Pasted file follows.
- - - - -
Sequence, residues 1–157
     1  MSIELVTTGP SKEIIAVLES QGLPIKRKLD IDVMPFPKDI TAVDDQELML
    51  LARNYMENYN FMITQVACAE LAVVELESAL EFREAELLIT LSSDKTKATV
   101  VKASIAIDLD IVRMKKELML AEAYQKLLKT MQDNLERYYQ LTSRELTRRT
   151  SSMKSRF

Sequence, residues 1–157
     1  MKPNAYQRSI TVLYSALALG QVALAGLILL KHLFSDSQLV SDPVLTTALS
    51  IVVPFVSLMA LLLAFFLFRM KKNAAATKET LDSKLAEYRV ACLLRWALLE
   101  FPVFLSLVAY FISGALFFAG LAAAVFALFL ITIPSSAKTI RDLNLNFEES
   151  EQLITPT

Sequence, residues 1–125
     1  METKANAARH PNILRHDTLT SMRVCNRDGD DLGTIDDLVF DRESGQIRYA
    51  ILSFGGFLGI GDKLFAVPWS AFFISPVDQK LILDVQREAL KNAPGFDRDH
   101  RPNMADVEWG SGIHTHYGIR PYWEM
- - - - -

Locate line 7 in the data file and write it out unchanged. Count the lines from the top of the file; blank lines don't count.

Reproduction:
     1  MKPNAYQRSI TVLYSALALG QVALAGLILL KHLFSDSQLV SDPVLTTALS